Pre-employment training is a generally not covered by the FLSA, and thus not compensable.  Depending on the structure of such a program, its participants may not even considered “employees”, and thus may not be covered by the FLSA.  That determination will depend on all the circumstances surrounding the individual’s “training.”

            The United States Department of Labor issued a six-part test that was later adopted by the courts in analyzing pre-employment training cases. 

            If all six of the following criteria apply, the trainees are not employees within the meaning of the FLSA:

  1. The training, even though it includes actual operation in the employer’s facilities, is similar to training that would be given in a vocational school (this means the training is “fungible,” or interchangeable, and can be used by the employee in another position with another employer);
  2. The training is for the benefit of the trainee;
  3. The trainees do not displace regular employees but work under close observation;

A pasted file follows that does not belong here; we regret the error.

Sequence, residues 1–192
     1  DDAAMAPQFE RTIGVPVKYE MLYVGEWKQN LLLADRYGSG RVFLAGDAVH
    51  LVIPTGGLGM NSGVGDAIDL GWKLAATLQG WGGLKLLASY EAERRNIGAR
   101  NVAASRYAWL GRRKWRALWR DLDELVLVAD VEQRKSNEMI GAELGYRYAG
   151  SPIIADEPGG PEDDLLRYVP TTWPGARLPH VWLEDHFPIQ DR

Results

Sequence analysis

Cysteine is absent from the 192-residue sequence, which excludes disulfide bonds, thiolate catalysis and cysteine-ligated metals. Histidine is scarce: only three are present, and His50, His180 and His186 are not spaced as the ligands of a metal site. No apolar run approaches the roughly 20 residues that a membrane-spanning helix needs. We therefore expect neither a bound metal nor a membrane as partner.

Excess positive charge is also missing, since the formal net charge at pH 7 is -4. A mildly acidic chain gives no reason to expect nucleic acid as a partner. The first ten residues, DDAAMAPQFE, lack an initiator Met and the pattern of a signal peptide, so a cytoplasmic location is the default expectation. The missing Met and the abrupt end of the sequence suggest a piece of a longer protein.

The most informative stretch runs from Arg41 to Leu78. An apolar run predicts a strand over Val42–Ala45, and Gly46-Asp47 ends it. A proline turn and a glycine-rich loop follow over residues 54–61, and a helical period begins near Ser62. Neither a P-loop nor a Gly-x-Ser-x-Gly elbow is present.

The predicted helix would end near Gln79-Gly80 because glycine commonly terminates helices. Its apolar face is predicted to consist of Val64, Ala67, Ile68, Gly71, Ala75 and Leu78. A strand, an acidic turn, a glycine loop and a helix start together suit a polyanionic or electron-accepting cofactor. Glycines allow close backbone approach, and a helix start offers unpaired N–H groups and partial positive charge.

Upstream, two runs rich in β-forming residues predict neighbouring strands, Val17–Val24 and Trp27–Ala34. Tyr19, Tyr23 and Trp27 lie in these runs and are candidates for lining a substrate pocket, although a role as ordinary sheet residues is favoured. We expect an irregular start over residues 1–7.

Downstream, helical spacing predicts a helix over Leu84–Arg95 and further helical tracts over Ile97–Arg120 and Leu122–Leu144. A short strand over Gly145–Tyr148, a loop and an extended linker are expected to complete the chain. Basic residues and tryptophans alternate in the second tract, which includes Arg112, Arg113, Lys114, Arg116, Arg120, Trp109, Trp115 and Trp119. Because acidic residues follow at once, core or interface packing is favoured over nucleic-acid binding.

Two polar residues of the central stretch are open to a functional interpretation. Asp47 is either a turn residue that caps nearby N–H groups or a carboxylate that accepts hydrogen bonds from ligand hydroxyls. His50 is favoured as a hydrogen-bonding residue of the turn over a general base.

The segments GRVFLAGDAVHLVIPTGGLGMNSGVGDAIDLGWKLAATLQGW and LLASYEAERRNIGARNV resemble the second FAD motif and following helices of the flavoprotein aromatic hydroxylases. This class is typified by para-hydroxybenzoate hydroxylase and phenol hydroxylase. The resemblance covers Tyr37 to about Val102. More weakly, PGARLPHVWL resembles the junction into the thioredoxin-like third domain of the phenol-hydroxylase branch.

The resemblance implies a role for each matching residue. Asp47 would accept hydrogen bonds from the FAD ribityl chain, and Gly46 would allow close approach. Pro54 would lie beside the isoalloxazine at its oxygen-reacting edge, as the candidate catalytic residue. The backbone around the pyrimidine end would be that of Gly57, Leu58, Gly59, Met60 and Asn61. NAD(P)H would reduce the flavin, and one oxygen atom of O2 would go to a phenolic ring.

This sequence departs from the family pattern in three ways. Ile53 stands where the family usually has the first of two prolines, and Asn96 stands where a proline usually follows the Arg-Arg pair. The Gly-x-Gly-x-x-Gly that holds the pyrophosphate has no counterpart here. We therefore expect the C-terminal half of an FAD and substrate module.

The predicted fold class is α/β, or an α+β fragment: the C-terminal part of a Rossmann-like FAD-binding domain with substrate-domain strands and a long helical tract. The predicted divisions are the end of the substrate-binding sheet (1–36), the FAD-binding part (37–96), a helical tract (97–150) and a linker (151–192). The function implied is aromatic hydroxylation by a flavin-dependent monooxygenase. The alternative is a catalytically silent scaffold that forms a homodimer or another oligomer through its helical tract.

4. The employer that provides the training derives no immediate advantage from the trainees’ activities and at least on occasion, its operation may actually be impeded;
  5. The trainees are not necessarily entitled to a job at the completion of the training period; and
  6. Both the employer and the trainees have an understanding that the trainees are not entitled to wages for the time spent in training.

The most crucial part of this test involves balancing the benefit to the trainee against any advantage to the employer.  When an employer is clearly gaining an economic advantage from the efforts of its “trainees,” they will likely be deemed employees entitled to compensation for their “training time.”  Nevertheless, when all the criteria are met, the number of hours spent in training is not an issue.